The sniper settles into position and dials in the scope while a spotter eyes the target through a wider optical field. The shooter calculates data including temperature, elevation, windage, inclination, Coriolis effect, drop, cant, spin drift and other variables, including the team's vulnerability if the target shoots first.
But long before squeezing off a shot that could exceed 1,000 yards, an effective sniper has studied, planned and practiced.
Hunters have it easier and the stakes aren't as high. But a former sniper instructor and author of a new book on shooting techniques said hunters are not immune to the same need to study, plan and practice.
"There's less stress involved, but even hunters get buck fever," said retired Chief Petty Officer Chris Sajnog, a retired marksmanship instructor who helped develop the curriculum used by the U.S. Navy SEAL sniper training program. "Like in combat, it's rare that you get to shoot at the exact range and under the same perfect conditions as when you were practicing. In combat and in hunting, the most important thing is planning. Pulling the trigger is the very last thing you're going to do."
Now president and CEO of a California company that teaches elite firearm and tactics courses to the military, law enforcement and civilians, Sajnog's new book, "How to Shoot Like a Navy SEAL" (Center Mass Group), includes advice that can be adapted by hunters.
"It was kind of written for anyone who wants to be able to shoot off-range. The way you grip the gun and put your finger on the trigger is different when your heart starts pounding," he said. "If you're sitting in a tree stand for a couple of days, the stress starts building and you end up mashing the trigger, getting more pressure from your finger than when you were practicing on the range. You might be twisted around, shooting at an unfamiliar distance and inclination, and you might only have a couple of seconds to take the shot."
Long before getting into the field, said Sajnog, the hunter and gun need to spend a lot of quality time together. Exactly what constitutes a "long shot" is a matter of interpretation -- 125 yards is pushing it for a slug gun; a heavy, slow-moving bullet may drop substantially at 250 years; while some Pennsylvania rifle deer hunters may need to stretch to 400 yards or farther. Sajnog said the key to safe, successful and ethical distance shooting is to never take a shot in the field that you haven't already practiced at the range.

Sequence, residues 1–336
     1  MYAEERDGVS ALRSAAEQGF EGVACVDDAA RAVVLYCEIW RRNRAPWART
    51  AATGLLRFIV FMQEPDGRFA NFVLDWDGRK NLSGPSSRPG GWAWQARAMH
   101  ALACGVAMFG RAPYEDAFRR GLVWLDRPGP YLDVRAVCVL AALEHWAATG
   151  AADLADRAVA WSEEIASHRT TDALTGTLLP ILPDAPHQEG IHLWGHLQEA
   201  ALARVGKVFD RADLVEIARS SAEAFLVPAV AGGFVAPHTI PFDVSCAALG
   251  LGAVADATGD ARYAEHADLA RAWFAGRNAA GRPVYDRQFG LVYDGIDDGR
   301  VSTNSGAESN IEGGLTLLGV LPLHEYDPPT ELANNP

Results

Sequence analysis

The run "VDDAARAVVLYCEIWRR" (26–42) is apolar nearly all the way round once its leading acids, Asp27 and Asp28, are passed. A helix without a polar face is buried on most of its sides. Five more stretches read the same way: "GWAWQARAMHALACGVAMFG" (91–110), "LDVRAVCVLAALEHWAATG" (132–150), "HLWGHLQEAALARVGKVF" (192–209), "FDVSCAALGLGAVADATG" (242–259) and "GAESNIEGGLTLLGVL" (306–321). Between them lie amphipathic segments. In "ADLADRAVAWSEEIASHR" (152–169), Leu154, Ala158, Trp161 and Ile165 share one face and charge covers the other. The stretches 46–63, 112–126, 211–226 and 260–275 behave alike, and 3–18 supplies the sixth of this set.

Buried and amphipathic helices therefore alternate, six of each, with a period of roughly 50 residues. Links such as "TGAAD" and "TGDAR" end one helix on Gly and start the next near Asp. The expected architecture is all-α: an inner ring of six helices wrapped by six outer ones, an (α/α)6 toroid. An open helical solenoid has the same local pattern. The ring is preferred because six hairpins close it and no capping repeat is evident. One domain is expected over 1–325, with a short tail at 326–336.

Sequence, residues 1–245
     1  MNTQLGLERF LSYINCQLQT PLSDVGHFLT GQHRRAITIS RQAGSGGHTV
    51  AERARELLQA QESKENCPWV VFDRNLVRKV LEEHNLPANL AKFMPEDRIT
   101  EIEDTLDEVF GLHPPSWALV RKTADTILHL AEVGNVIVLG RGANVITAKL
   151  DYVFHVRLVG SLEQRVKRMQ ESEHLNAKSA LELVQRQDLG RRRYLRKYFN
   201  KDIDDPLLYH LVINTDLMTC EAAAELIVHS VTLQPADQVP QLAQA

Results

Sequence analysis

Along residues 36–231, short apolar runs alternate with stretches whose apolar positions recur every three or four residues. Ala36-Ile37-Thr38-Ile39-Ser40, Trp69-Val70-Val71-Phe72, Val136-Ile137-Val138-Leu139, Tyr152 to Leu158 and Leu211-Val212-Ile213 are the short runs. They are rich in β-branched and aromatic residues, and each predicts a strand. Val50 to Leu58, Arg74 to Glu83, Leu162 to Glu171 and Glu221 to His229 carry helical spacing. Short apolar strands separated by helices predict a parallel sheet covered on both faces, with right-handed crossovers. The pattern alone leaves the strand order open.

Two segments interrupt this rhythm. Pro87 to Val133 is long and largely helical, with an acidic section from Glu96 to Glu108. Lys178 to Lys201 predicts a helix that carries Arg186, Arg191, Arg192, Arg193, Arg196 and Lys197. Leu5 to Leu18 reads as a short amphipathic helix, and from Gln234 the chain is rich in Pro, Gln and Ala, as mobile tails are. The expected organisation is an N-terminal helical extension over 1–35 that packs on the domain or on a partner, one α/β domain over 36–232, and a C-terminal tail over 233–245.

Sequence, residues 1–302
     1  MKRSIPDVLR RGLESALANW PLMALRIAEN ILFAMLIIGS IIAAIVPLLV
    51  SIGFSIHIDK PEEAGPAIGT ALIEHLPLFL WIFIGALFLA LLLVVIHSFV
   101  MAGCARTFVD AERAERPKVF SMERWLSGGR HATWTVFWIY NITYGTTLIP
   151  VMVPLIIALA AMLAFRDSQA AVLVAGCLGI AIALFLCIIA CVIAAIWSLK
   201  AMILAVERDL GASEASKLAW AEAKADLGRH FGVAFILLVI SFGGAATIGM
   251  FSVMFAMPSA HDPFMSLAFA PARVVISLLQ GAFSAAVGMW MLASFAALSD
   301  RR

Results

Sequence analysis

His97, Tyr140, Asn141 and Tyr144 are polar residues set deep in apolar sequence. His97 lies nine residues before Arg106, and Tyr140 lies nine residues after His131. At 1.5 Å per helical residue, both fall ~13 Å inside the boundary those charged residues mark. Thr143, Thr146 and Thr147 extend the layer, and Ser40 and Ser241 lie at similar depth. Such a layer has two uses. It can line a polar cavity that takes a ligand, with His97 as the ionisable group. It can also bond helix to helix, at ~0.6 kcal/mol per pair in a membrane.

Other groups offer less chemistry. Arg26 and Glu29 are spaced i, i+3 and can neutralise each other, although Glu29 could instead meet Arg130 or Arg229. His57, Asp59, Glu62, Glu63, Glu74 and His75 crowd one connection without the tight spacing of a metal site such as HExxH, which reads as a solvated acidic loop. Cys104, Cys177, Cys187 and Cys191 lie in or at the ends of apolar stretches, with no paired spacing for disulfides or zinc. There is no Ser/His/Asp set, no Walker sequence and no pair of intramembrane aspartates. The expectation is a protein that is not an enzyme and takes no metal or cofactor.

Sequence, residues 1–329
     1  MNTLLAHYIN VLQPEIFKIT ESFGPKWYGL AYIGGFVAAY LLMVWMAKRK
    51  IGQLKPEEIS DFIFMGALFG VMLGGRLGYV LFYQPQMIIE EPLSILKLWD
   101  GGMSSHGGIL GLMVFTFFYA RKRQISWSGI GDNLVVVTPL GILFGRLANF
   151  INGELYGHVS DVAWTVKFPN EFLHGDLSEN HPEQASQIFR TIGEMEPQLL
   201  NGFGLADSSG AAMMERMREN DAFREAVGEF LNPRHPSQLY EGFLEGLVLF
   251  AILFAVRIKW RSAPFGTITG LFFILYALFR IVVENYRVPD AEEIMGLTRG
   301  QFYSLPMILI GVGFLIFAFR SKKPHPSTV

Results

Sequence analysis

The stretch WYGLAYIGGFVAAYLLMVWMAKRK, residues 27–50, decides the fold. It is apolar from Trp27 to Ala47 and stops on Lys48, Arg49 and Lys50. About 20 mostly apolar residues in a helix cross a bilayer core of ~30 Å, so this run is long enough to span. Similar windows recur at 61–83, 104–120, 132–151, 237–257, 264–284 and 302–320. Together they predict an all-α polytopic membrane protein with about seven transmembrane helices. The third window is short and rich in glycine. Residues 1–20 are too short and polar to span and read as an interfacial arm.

"Reading ballistics tables is a good place to start, but it's no substitute for actually shooting at the far end of the weapon's capability," Sajnog said. "There should be no guessing. Whether you're a sniper or a hunter, you need to know how far that bullet will drop and where it will hit at that distance under current conditions."
Hunters should plan for and practice shooting in unusual field conditions.
"I recommend dry fire training," he said. "People think that means just squeezing the trigger, but it's a lot more than that."
In dry fire exercises at the range, practice shooting with and without a rest, prone, sitting, standing and twisting at the hip. How would you hold the gun, and where would you aim, shooting uphill or downhill? Sajnog recommends taking notes at the practice range. Fill your shooting journal with details learned at every session.
And in the field, whether you're a sniper or a hunter, the very first thing to do is plan where and under what conditions you won't shoot.
"Don't do anything without a plan," he said. "Practice getting into a good shooting position. Scope the whole area out with a rangefinder and identify benchmarks for various distances. If the deer comes up to you from behind on the left, how will you shoulder the gun? If it comes up behind from the right? Are there any bushes or branches in the way? What is the longest shot you're comfortable taking from this position, and how will you execute that shot? That type of planning allows a hunter or a sniper to take effective shots."
No matter how much you've practiced or how ready you think you are, it is human nature to choke under stress, whether it's the life-and-death stress of a sniper or the hunting stress of having a several-second window of opportunity at setting a Boone & Crockett record.
Like everything else, said Sajnog, plan for it.
"Your mind, presented with an unfamiliar situation, quickly assesses that this is a thing you've never done before," he said. "You get in a mental freeze -- a deer in the headlights, if you will. That's stress. If you've done something that was close to the current situation, your mind says, 'Yes, I did these steps before,' and it relaxes and lets you go into motion. That's what a sniper does. That's why twisting into every possible shooting position, looking for distance patterns, setting safety and skill-level limitations for yourself, and sticking to them, is so important."
Applying military practices to all hunting situations would be dangerous and ineffective. But Sajnog said the reason Navy SEALS are so good at what they do is intensive planning for all foreseeable contingencies, and the ability to adapt to the unforeseen.
"Planning your shot is by far the most important thing you can do," he said. "If you wait until you see a deer at 600 yards to make a decision about whether you're going to shoot at 600 yards, you've waited too long."